FAIR Weekly Roundup
Race-based double standards exist in media, but not always how you think
On our Substack, FAIR Advisor Wilfred Reilly wrote about the ways media reaction to the conflict between Chris Rock and Will Smith at the 2022 Oscars ceremony reflects a larger and more pernicious problem:
This reaction is a microcosm of a broader pattern that has become common in recent years: high-profile defenses of “POC” and/or attacks on “white” people, combined with claims that no one ever defends minorities or criticizes whites.
…Let’s be blunt: this whole argument is pretty damned silly. While lower-end white racism, of the kind measured by audit studies, clearly still exists, it is also a facially obvious truth that formalized advantages for people of color are a feature of modern middle class life. It is generally just not true that black or Hispanic applicants have to “work far harder” than equally qualified whites to secure executive jobs or student slots in solid universities.
How talking to strangers on the bus changed my views on race
Also on our Substack, FAIR Fellow Quay Hanna wrote about growing up grappling with race-essentialist beliefs, and how his experiences riding the bus with strangers of all backgrounds opened his eyes:
Growing up in rural “white” America, I was labeled everything from a hick to a redneck to white trash. I spent a portion of this time—from about ages sixteen to twenty-three—buying into the belief that I was biologically superior because of my skin color.
…I found myself sitting on the bus next to people who I assumed shared nothing in common with me—people with darker skin, people from big cities, people from other states, people who never went to college or even graduated high school. In stark contrast to the race essentialism I had developed over the previous years, I was amazed by the striking similarities I had with these passengers.
Blackness and Standard English Can Coexist. Professors, Take Note.
For the The New York Times, FAIR Advisor John McWhorter wrote about the insistence by some activist academics that requiring “black” students to write and speak in “Standard English” should be considered a kind of oppression:
Too often, what we’re presented with as authentically Black is a kind of essentialization. The idea that people’s authenticity stops at their home dialect does not reflect how people operate linguistically or their experience. Foisted on Black Americans, this idea of the standard dialect as a quiet menace, whatever its progressive intentions, is limiting.
McWhorter’s sentiments echo FAIR Advisor Erec Smith’s recent piece for our Substack on the same topic, pushing against activist and essentialist views toward language and composition that ultimately harm students of all backgrounds.
A divided America is united in its freedom to debate those differences
For The New York Post, FAIR Advisor Douglas Murray wrote about the importance of the First Amendment and how free speech has the power to help heal our national divide—if we let it:
Most countries don’t have a First Amendment, because most countries don’t have America’s faith in free speech. Most countries in the world today, and historically, find free expression to be a nuisance. China’s rulers think a free press is a right pain. So they don’t allow it. If you live in China or Russia today you get told what to believe. You get told what you are allowed to know. And you’re expected to just suck it up.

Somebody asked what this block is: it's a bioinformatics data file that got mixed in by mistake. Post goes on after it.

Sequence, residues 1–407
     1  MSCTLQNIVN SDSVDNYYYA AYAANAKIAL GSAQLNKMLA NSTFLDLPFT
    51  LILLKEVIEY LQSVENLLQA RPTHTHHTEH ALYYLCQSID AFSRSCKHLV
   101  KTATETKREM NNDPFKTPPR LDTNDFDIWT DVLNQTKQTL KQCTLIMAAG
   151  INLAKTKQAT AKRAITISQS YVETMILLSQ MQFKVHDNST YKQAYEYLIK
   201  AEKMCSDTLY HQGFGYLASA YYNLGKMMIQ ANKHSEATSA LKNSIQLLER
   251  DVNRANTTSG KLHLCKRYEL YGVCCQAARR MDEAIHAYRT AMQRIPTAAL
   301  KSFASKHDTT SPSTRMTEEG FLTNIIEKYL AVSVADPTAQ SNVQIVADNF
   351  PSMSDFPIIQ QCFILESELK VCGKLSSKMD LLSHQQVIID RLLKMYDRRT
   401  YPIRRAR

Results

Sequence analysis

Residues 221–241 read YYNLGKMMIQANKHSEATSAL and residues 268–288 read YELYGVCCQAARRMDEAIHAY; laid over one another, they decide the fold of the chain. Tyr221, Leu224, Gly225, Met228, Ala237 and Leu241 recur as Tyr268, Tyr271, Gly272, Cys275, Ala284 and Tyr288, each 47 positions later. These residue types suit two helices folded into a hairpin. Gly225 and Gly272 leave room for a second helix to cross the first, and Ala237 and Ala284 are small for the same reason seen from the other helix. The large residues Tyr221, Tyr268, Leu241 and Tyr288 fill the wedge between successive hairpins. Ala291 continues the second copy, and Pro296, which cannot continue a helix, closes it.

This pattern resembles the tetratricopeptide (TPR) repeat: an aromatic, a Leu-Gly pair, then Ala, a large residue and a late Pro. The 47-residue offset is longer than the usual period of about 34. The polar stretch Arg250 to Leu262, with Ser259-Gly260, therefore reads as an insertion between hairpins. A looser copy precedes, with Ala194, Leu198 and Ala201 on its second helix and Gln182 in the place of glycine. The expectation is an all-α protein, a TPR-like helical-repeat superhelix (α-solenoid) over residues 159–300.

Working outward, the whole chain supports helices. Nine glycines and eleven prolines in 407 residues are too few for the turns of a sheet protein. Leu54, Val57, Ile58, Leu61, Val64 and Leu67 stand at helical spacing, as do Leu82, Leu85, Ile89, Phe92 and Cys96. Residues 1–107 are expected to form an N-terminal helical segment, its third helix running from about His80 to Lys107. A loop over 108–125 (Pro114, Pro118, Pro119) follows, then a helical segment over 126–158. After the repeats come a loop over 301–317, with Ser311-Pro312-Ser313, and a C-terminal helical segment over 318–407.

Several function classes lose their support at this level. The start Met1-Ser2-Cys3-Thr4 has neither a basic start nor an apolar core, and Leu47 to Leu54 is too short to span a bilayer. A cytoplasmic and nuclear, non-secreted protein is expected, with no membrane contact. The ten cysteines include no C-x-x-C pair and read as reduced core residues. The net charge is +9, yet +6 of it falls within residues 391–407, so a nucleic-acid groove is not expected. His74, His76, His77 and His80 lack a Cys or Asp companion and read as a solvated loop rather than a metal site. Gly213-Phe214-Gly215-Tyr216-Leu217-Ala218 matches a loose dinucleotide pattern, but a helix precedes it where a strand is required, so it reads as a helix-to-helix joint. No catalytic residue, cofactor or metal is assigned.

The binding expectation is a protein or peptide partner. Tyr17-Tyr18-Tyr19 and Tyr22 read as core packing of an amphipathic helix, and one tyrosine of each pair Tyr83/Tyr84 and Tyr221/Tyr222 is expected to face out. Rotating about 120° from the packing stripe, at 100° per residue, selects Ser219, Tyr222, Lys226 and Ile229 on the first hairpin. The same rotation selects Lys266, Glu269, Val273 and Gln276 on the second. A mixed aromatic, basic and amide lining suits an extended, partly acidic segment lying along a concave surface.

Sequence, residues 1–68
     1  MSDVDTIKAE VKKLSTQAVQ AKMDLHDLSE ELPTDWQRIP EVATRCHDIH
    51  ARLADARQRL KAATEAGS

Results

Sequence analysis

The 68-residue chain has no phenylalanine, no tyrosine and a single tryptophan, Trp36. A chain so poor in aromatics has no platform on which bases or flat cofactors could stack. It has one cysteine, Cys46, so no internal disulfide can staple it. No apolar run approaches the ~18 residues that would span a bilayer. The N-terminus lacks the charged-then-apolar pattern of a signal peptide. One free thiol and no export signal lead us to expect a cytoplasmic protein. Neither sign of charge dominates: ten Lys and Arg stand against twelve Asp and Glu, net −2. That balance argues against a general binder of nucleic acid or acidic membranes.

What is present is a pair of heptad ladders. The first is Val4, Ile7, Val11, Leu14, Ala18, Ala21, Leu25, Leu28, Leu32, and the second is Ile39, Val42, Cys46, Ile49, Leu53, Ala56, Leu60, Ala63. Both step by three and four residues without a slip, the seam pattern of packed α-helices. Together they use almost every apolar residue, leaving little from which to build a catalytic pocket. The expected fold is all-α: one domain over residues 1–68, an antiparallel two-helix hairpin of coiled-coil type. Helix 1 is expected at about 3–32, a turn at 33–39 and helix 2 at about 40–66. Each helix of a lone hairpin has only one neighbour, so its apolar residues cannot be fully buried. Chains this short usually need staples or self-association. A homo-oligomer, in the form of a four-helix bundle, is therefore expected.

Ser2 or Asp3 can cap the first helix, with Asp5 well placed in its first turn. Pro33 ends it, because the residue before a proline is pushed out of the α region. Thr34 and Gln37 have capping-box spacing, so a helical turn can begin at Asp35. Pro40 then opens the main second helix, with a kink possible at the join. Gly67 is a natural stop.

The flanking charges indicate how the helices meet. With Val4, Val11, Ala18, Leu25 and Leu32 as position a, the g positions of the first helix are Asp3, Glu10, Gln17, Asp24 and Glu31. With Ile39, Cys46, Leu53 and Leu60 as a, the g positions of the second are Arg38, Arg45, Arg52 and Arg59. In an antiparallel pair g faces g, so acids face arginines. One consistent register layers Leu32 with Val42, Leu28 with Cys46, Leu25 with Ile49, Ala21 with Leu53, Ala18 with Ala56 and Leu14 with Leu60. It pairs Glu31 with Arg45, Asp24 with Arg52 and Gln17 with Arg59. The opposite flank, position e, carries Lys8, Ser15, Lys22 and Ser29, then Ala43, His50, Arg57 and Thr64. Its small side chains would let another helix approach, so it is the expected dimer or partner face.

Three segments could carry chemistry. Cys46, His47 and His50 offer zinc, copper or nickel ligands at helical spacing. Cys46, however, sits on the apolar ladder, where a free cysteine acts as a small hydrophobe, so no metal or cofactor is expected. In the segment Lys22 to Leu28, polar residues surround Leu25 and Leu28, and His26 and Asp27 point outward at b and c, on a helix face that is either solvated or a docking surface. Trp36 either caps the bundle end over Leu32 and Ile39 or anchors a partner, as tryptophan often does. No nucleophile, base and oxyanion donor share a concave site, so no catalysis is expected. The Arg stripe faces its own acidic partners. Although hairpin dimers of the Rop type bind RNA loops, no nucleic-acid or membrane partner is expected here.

…In a country this huge we are always going to have different opinions. And we need to learn how to live together, not how to divide ourselves further. The answer is not less speech, or government-approved speech, but more speech.
Moderation in the Name of Liberty is No Vice
For Washington Monthly, John Halpin reviews Francis Fukuyama’s new book, Liberalism and its Discontents, which “offers an eloquent and eminently sensible defense of liberal freedom and pluralism that should be read and debated by leaders and activists across the ideological spectrum.” He writes:
Properly understood, liberalism embraces different religious, ethnic, and cultural identities and patriotism. Liberal universal values can also help to define a more inclusive nationalism based on common civic values of tolerance, freedom, and respect for differences rather than a more exclusive one based on race, religion, or ethnicity.
All Hail America's New Truth Czar!
For FAIR Advisor Bari Weiss’ Substack, Common Sense, journalist and BARpod co-host Katie Hertzog wrote about the Department of Homeland Security’s new Disinformation Governance Board and its leader, “Nina Jankowicz, who writes songs about misinformation for fun”:
The Disinformation Governance Board, or the Ministry of Truth, as critics dubbed it, has an ambitious mission: to stop the spread of misinformation. That sounds nice. Except, what one woman calls “misinformation” another might just call “information.” As you may recall, recent stories labeled “misinformation” include some that look increasingly legit, like Hunter Biden’s forgotten laptop, the Covid lab leak theory, and Wayfair selling cabinets full of stolen children (ok, that one might actually be fake).
Elon Musk Tweeted My Cartoon
For The Wall Street Journal, Colin Wright wrote about a political cartoon he had created and shared on Twitter, which he designed to illustrate his sense of alienation from the political left since 2008. The cartoon was then shared by Elon Musk and caused an uproar online:
When my cartoon went viral, it resonated with many people—and caused dissonance in the left-wing media. The Washington Post’s Greg Sargent called it a “silly chart” that has been “brutally debunked.” His colleague Philip Bump described it as “simply wrong” and an “obvious exaggeration.” Mr. Bump even provided a series of actual silly charts showing “the average ideological score (using a metric called DW-NOMINATE)” and “evaluations of ideology as measured in the biennial General Social Survey (GSS).”